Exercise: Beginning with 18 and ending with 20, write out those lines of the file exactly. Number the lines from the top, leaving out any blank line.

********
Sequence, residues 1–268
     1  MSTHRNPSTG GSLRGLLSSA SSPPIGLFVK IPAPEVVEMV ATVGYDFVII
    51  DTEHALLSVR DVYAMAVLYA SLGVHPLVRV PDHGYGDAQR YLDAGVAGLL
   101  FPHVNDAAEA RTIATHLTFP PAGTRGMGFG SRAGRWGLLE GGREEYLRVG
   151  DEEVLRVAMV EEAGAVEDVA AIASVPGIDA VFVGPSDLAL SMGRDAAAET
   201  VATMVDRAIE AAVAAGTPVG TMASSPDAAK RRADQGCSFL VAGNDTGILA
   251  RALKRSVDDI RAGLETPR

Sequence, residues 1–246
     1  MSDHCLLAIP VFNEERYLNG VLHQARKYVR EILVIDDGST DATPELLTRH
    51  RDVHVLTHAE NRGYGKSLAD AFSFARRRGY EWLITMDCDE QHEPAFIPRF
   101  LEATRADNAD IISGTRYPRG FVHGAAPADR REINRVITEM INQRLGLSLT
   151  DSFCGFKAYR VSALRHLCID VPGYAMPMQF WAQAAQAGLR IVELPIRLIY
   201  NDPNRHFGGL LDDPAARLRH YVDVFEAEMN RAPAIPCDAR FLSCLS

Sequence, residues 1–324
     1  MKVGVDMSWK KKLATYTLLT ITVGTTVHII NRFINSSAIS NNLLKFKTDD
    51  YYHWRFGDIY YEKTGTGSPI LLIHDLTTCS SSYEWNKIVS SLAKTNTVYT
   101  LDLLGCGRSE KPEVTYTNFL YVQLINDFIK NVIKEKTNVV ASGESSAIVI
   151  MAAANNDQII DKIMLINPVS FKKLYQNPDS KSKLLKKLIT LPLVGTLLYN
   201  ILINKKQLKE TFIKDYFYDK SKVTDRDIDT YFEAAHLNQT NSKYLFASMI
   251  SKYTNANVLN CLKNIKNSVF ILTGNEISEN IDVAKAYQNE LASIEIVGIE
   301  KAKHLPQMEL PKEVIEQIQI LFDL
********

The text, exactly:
   151  MAAANNDQII DKIMLINPVS FKKLYQNPDS KSKLLKKLIT LPLVGTLLYN
   201  ILINKKQLKE TFIKDYFYDK SKVTDRDIDT YFEAAHLNQT NSKYLFASMI
   251  SKYTNANVLN CLKNIKNSVF ILTGNEISEN IDVAKAYQNE LASIEIVGIE